I completely agree with everything you’ve said. I myself have always though myself as a bit of a feminist also, but not for the reasons of hating males, being a lesbian, not wearing a bra or any of the like. I believe in equality based on moral worth and work. Throughout my life I have always felt that I can and should be able to do anything males can and feel a strong competitiveness to do so. And don’t get me started on male macho rubbish! As far as categorising what feminists are…i believe the women fighting for the female vote were feminists searching for equality. Its all about identity and what you identify with…but that’s just my opinion :)

    Sweet article
    Katie

  2. T says:

    I don’t know any feminists who are lesbians, hate men and/or don’t wear bras. I don’t really get why this stereotype is always trotted out.

  3. Shitkicker says:

    I know plenty. You need to make more friends.

  4. T says:

    Maybe you need to be more selective with the type of friends you have? Why on earth would I want to be friends with women who hate men?

  5. Sando says:

    No, no, Shitkicker wasn’t claiming that you have to make friends with people who hate men, just you need to make friends in general. You must have noticed the long lonely nights staring out at your facebook page wondering why it was so empty.

  6. T says:

    Oh cute you made a funny! I see you need my approval: Good boy! You done good!

  7. Skins De Slick says:

    what the fuck was that T?

    just what the fuck

  8. Mr Magoo says:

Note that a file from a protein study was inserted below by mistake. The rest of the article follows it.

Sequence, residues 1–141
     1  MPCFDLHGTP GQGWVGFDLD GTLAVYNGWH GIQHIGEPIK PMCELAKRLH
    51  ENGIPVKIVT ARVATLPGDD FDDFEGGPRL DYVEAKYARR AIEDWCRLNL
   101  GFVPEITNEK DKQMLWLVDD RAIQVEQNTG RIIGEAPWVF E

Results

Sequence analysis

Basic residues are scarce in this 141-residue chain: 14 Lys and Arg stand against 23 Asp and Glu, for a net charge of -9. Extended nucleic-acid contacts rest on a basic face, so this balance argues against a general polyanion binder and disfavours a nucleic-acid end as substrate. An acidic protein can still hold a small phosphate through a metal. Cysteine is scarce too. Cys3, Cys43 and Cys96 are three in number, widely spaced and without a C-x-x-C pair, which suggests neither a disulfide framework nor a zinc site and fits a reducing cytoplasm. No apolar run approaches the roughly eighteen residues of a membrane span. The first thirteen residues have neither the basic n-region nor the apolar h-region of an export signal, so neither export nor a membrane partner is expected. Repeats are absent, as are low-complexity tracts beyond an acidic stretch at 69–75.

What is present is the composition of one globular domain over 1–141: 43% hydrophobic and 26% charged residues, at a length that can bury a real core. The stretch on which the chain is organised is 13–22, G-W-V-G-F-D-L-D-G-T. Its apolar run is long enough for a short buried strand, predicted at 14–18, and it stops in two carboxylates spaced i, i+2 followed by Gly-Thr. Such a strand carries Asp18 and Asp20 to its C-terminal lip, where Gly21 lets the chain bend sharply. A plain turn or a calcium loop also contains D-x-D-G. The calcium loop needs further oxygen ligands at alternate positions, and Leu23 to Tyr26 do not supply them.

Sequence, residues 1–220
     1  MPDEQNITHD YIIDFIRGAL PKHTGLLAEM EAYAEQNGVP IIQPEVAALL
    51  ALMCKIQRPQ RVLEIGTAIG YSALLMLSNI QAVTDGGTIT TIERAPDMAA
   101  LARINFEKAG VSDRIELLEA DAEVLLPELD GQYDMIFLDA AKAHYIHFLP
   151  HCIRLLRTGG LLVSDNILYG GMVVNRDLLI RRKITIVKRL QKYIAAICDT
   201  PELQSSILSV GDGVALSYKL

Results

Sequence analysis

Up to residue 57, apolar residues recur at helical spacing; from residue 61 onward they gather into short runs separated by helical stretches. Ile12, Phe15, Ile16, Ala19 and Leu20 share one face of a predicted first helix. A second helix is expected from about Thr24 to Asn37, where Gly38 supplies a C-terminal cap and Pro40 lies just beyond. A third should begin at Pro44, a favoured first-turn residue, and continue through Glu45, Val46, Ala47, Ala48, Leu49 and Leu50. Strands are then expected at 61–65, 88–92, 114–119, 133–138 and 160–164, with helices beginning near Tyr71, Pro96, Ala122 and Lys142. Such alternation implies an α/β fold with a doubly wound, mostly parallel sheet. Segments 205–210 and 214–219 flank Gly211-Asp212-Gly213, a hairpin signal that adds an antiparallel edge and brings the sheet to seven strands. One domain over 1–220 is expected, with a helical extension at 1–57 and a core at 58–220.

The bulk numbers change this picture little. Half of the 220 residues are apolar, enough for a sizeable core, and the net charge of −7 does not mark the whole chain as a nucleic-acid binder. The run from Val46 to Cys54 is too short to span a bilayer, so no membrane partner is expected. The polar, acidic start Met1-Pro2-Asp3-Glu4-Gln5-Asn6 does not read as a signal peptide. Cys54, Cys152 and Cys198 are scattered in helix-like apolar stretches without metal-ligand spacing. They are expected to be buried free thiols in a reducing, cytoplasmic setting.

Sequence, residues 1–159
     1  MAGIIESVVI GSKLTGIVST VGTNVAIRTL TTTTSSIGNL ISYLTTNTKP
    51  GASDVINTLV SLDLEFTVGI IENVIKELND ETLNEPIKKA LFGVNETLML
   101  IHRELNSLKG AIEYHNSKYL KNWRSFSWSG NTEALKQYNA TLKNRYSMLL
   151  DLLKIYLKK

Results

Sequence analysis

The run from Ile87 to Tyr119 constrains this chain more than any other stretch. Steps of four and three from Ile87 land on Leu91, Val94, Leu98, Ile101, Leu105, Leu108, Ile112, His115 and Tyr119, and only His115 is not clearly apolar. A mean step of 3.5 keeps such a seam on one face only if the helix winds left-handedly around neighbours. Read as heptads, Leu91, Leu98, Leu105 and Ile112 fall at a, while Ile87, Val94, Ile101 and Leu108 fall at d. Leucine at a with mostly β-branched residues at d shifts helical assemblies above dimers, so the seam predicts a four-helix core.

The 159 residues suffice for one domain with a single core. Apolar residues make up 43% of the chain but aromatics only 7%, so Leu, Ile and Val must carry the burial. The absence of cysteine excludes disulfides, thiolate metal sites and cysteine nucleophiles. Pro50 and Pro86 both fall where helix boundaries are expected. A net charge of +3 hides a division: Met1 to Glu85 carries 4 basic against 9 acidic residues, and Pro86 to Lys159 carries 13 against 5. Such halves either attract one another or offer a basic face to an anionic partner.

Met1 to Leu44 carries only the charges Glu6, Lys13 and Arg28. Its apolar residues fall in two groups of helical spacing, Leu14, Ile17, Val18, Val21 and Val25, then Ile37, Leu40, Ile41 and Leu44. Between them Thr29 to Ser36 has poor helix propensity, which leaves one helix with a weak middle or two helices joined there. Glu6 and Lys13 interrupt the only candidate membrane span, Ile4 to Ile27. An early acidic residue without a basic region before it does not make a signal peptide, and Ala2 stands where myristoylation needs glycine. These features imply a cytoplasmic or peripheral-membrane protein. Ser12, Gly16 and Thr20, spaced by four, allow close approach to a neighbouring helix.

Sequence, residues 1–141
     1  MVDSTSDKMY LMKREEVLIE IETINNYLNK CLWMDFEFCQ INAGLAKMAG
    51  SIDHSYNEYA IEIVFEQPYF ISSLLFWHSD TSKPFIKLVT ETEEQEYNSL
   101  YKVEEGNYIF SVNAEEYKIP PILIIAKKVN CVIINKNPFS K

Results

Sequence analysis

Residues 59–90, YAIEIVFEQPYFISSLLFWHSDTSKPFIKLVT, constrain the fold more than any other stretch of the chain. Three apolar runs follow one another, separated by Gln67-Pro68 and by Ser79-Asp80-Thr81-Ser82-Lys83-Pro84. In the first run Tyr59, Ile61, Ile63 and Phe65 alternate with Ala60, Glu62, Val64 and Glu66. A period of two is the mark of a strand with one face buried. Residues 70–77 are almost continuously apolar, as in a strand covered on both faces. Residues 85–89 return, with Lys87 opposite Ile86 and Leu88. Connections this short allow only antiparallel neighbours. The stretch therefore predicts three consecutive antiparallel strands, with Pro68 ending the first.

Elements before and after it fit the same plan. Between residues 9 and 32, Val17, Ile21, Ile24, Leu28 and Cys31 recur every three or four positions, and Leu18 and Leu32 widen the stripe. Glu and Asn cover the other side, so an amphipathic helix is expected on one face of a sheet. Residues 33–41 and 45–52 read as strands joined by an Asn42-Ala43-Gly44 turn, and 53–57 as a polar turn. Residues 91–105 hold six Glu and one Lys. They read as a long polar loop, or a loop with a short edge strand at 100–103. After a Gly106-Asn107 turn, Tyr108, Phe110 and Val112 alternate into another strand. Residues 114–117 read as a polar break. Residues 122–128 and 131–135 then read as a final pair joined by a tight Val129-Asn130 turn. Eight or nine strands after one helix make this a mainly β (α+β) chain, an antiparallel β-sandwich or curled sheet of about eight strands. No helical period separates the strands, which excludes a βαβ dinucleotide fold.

Why is women’s fest now called Clitfest? Are the Vic femmies trying to stop other women from wanting to be involved?

  9. Terri says:

    There is something so incredibly annoying about feminists that you really should come up a with new word to describe yourself. You can say that feminism is not about hating men, motherhood, babies, family, christian religions, etc. but the thousands of screaming feminists who make up the special interest groups of this country certainly seem to think it is. Make up a new word to describe yourself. I believe in equality for women but I would never refer to myself as a feminist and neither would any other feminist in this country. Even though I am a university educated, successful, married female who is the sole income earner in my household (I am the feminist dream – my husband is a stay at home dad who does all of the childcare, housework, and cooking), I do not qualify for feminist because:
    1. I think abortion is murder.
    2. I believe in God and am a Christian. I do not have a problem with God being referred to in the male gender.
    3. I love men.